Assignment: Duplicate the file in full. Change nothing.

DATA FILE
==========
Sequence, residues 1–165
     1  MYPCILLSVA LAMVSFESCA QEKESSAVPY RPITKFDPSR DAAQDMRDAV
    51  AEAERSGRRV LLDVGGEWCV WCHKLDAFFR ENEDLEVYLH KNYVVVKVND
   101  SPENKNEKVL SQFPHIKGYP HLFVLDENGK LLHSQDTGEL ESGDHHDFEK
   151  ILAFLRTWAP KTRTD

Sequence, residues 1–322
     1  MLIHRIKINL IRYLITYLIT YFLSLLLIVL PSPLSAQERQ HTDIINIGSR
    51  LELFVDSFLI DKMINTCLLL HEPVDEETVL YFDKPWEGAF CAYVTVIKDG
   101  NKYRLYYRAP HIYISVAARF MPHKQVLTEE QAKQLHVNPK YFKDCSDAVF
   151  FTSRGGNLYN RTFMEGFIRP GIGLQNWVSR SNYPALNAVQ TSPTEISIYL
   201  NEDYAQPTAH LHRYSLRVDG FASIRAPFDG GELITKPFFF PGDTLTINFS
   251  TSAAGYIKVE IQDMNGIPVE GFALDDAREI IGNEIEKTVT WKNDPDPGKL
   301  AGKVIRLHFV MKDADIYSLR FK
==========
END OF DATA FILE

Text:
Sequence, residues 1–165
     1  MYPCILLSVA LAMVSFESCA QEKESSAVPY RPITKFDPSR DAAQDMRDAV
    51  AEAERSGRRV LLDVGGEWCV WCHKLDAFFR ENEDLEVYLH KNYVVVKVND
   101  SPENKNEKVL SQFPHIKGYP HLFVLDENGK LLHSQDTGEL ESGDHHDFEK
   151  ILAFLRTWAP KTRTD

Sequence, residues 1–322
     1  MLIHRIKINL IRYLITYLIT YFLSLLLIVL PSPLSAQERQ HTDIINIGSR
    51  LELFVDSFLI DKMINTCLLL HEPVDEETVL YFDKPWEGAF CAYVTVIKDG
   101  NKYRLYYRAP HIYISVAARF MPHKQVLTEE QAKQLHVNPK YFKDCSDAVF
   151  FTSRGGNLYN RTFMEGFIRP GIGLQNWVSR SNYPALNAVQ TSPTEISIYL
   201  NEDYAQPTAH LHRYSLRVDG FASIRAPFDG GELITKPFFF PGDTLTINFS
   251  TSAAGYIKVE IQDMNGIPVE GFALDDAREI IGNEIEKTVT WKNDPDPGKL
   301  AGKVIRLHFV MKDADIYSLR FK